Introducing Inflection with Infection
One of the problems I have with math instruction that goes CONCEPT-PRACTICE-APPLICATION is that you miss out on some great opportunities to teach difficult concepts using application. When I introduced concavity this year, I did a great 10 minute activity that paid huge dividends when discussing what can become the somewhat tricky conceptual math of the second derivative and inflection points.
We got back from break this past Sunday, so I started just by asking what everyone had done for break. I had a secret agenda for this though, because from their answers I chose the person who went to the most exotic or most random place and chose them as Patient Zero for an infectious disease that was going to infect our classroom. I assigned everyone a number (I used a deck of cards, but I have done this before with the random number generator on the calculator too). Then, while Patient Zero stood on one side of the classroom everyone got as far away from him or her by standing on the other side of the classroom, so as not to catch their exotic disease. Then Patient Zero picked a card and whoever’s card got picked got infected with the disease and came over to the sick side of the room. I stood at the board and recorded data for how many total people had been infected up to each round. Then, all cards were replaced and all sick people picked someone to inflect. Then, again. Then again and again until the whole classroom was infected.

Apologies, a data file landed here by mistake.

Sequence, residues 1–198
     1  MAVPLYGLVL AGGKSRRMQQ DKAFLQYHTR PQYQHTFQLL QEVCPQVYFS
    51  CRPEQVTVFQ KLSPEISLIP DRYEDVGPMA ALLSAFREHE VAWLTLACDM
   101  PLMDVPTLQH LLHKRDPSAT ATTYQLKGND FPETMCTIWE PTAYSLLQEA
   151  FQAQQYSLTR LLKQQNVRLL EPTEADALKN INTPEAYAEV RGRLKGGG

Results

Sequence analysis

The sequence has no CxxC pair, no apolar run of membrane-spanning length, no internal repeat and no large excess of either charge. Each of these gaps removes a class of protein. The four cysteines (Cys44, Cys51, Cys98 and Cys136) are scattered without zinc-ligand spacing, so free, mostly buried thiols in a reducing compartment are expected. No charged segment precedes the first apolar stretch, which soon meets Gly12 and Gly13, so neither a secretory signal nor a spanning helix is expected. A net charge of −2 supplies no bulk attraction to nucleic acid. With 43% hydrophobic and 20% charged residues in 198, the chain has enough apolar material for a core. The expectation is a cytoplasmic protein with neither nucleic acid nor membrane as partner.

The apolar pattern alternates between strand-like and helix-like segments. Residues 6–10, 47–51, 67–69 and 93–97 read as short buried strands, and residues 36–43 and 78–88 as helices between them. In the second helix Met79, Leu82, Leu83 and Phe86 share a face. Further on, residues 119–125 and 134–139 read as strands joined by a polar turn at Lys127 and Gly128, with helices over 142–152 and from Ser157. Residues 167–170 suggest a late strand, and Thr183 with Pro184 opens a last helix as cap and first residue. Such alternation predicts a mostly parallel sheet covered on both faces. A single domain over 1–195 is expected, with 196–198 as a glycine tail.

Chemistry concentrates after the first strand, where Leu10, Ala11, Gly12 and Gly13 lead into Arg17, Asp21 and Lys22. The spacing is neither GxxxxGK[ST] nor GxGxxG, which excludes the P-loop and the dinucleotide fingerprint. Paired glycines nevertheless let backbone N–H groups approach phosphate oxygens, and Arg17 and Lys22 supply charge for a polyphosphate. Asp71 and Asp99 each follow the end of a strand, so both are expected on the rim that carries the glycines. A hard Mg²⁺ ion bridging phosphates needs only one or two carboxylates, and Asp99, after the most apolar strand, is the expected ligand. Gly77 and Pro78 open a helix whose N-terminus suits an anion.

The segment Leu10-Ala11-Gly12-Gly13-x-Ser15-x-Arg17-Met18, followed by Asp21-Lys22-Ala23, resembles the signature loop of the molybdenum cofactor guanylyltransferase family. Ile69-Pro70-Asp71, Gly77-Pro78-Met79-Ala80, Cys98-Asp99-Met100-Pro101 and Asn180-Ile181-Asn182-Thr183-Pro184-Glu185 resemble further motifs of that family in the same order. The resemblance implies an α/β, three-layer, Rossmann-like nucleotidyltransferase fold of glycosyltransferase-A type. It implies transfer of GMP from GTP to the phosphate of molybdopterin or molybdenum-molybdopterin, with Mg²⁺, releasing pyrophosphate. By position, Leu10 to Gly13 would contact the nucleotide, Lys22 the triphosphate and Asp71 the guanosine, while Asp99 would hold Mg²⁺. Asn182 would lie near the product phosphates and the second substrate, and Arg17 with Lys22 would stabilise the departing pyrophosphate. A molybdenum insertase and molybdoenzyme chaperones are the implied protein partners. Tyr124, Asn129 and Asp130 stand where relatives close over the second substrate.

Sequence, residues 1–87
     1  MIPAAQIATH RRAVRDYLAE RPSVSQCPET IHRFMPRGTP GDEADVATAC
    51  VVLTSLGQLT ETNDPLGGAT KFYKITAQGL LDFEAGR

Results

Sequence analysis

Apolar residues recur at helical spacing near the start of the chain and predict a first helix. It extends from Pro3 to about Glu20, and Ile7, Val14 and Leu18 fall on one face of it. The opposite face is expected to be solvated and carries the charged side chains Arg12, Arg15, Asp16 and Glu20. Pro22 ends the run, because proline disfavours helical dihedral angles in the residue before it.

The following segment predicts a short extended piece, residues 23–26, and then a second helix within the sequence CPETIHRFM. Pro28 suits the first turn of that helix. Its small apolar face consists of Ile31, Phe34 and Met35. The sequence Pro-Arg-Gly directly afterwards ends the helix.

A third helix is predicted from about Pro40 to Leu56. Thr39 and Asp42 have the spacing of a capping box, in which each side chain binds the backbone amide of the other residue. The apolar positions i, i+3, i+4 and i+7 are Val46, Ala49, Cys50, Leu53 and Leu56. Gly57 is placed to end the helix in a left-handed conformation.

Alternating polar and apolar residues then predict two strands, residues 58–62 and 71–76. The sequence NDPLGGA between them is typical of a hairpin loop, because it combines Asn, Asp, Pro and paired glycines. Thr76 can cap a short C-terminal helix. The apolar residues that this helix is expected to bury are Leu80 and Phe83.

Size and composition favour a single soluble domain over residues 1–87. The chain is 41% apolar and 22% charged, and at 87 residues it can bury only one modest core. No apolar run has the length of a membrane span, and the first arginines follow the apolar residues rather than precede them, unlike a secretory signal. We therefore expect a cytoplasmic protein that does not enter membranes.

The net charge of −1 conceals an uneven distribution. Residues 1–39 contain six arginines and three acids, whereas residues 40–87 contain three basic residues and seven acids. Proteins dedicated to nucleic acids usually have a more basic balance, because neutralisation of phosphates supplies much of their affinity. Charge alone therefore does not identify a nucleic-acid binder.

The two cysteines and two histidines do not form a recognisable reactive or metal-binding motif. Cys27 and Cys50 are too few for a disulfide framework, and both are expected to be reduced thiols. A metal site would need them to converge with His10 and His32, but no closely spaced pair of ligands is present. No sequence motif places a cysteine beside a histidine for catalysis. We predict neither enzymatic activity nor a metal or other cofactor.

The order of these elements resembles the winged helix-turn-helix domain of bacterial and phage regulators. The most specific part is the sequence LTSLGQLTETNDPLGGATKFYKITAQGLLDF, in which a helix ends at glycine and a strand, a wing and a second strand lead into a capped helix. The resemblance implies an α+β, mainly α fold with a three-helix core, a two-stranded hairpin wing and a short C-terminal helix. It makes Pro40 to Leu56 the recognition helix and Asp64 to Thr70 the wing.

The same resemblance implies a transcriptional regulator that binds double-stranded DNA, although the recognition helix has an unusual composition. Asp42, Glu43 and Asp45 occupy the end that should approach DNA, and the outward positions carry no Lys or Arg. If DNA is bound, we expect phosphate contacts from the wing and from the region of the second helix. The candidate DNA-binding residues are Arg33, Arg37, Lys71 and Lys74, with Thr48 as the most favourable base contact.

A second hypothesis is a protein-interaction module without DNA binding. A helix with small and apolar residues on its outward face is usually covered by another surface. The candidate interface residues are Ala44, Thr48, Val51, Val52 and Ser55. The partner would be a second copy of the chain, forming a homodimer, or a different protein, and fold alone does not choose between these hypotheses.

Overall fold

The disease spread exponentially at first, but once people started picking others that were already sick and the supply of healthy people dwindled, the spread of the disease slowed down, a nice beautiful logistic curve. Here is the data we collected:
After we hand-graphed the points together, I had them then write bullet point stories for why the graph looked like it did. Most students were quickly able to notice that the infection spread quicker and quicker at first and then started slowing down for the reasons I noted above. Many even picked out the inflection point (but not by name) by saying that this was the point the infection was spreading fastest. (The data weren’t as pretty in my other class, but that’s okay! The main point still worked, and it’s nice to see that models aren’t perfect).
After that, we were ready for Calculus. This was a perfect thing to do after a 3 week break, because I then had them tell me everything they could in terms of Calculus to fit with the stories they wrote. We had a very lively review of everything I had wanted to review grounded in this conversation about infection, and the conversation really primed us to talk about inflection points in a deep and meaningful way. The rest of the lesson was like cutting through sponge cake (is that a saying people say?) The idea of an inflection point possibly occurring when the second derivative is zero made far more sense than if I had tried to state this fact and then show why, or make more abstract graphical arguments.
My goal this year has been to motivate well all the math occurring in the classroom, both with application and pure mathematical ideas, and I think this is a good example of success! More to come on other applications of concavity.